Do you ever think about the how T.V. dramas are therapy for everyone?
Consider this. You’re watching your favorite show (I’m currently marathoning “The Sopranos”). Everything is fine and dandy and then someone makes a bad life choice. It’s so bad, and so obvious, that you see it coming three episodes before it happens. You yell at your T.V., you rant with your friends and family, you feel betrayed and upset by a fictional event. If you pause in that emotional moment you may feel something else.
You would never make that mistake/say that thing/sleep with that person. You know better. You can tell the characters why it’s a bad idea, why they were driven to that action… As viewers we can analyze everything that happens in the show. We know the characters better than we know our family or ourselves because the characters don’t lie to us. We see their actions, so even when Tony lies to Carmela we know the truth. We were there. And because we know those truths we can see why things happen. We can see an entire mob directed by one person, and it’s never the person who thinks they’re in charge.
I love seeing the cause and effect in T.V. shows. I suppose it’s partially because it makes me feel in control of my life, but it also gives me that feeling of superiority. It’s like looking back on college and seeing all the choices I made, and knowing that I won’t make those choices again. I’m smarter and more mature than that now. T.V. is like that for me. I can see all those choices the characters make, and I know I would never make them. I am better at communicating than that, I am better at relationships than that, and if I were friends with these people I could tell them they are making bad decisions.
T.V. shows become popular because they are entertaining, but also because they appeal to us. Something in the show is familiar somehow. The middle aged father who doesn’t know how to express himself to his family, the old grandmother who feels like her time is up, the mom who just wants to be appreciated and loved. These characters are familiar, but they are caricatures of real life. They are symbols of what everyone comes across in their lives. We enjoy watching them because we know them and also feel smarter.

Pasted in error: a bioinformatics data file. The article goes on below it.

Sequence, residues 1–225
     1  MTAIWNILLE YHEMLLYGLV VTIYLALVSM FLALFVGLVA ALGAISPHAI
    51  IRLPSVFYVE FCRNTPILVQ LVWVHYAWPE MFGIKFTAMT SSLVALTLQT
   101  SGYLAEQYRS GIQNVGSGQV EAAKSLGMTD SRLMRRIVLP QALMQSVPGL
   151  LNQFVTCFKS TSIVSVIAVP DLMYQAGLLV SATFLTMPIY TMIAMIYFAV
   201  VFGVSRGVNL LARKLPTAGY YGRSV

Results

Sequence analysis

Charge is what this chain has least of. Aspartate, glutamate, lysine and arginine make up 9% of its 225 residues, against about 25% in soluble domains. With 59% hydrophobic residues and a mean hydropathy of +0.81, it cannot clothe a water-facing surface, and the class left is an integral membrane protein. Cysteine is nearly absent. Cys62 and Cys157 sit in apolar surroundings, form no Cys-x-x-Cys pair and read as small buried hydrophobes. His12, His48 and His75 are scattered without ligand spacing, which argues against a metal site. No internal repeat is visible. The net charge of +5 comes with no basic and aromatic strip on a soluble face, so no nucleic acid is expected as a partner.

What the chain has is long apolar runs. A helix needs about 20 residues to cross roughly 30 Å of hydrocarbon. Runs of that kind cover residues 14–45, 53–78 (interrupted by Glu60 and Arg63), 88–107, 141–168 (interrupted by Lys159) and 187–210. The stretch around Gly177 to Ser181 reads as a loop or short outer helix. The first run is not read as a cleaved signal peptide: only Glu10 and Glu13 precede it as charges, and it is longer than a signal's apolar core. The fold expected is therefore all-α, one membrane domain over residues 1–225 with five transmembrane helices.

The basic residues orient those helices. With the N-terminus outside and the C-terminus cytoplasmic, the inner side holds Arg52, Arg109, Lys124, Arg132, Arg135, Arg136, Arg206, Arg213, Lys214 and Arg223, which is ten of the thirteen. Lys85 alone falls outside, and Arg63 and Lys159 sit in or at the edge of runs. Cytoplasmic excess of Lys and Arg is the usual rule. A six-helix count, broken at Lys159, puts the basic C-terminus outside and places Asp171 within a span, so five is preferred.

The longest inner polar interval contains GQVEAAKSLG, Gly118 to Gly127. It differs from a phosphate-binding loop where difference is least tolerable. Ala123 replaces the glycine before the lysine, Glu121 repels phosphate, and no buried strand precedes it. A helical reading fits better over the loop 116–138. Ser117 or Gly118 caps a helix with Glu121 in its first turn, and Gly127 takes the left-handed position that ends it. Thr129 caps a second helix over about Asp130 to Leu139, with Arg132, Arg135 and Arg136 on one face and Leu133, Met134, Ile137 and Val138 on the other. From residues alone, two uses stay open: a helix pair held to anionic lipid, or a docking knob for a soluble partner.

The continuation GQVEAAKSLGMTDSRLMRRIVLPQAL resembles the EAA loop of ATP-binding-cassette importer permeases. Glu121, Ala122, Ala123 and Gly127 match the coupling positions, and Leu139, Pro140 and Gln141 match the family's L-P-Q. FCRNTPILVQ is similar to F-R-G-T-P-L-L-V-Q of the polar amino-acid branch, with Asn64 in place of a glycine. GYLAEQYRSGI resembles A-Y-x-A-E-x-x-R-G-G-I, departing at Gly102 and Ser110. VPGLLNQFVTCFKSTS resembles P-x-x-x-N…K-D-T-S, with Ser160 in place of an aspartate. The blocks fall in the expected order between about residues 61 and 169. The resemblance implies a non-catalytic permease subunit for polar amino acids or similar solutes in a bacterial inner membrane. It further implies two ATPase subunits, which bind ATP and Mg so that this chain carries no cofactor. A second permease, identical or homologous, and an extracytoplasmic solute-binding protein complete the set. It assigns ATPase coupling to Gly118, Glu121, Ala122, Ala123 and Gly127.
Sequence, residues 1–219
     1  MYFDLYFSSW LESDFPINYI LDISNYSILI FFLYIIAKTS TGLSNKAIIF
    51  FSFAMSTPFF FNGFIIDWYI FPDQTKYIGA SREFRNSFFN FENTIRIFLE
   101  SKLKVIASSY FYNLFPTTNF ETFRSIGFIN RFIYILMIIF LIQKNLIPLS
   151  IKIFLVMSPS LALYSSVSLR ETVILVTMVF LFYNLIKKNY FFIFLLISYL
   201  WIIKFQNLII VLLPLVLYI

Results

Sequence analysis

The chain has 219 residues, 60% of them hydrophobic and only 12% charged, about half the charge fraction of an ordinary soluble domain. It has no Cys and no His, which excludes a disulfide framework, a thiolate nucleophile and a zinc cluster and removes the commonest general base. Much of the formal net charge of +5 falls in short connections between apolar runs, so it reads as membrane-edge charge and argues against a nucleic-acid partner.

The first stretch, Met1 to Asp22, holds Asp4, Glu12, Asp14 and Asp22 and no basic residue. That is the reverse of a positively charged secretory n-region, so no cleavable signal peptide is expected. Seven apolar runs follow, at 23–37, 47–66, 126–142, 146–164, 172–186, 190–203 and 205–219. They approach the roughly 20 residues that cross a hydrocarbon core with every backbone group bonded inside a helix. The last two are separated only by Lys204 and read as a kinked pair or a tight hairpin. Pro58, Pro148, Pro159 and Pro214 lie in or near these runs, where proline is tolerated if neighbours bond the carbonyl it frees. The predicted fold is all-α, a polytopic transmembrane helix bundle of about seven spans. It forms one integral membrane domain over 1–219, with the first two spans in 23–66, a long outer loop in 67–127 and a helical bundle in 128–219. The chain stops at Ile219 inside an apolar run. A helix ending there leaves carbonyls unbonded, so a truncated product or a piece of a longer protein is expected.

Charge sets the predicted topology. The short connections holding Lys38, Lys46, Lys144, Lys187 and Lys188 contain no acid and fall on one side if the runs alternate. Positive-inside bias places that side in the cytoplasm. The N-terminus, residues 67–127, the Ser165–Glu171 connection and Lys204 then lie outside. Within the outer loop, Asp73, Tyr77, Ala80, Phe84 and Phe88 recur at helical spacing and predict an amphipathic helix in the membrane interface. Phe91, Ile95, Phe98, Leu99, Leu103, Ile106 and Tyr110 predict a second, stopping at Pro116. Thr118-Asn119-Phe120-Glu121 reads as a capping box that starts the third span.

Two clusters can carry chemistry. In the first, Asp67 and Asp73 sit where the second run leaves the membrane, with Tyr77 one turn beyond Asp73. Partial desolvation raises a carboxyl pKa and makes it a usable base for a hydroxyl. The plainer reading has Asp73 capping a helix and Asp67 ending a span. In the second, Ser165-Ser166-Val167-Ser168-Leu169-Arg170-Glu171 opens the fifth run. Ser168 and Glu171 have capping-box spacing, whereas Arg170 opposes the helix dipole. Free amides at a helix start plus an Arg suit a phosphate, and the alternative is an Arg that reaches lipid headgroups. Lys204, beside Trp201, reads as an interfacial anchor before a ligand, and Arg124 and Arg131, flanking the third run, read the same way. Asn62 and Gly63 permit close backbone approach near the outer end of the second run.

What if we took that feeling of superiority and used it? What if we took a moment to assess why we feel smarter than those T.V. characters and use it in our own lives? Instead of “oh, I could never tell my boyfriend/wife/partner/sister/friend that”, what if we thought about why we could never say it? Maybe the things we could never say are the things that are the most important?
So the next time you want to yell at your T.V. because Meredith Grey is about to do something stupid (because let’s face it, she rarely comes out of her dark and twisty place), think about why it’s so important to you that she not do it. Maybe it’s just that you are emotionally invested in her character because the writers have been cultivating your relationship with her for several years. But think about that. Why do you care? It might tell you something interesting.
Or it might just say that you are very invested in a T.V. show. That’s an ok answer too.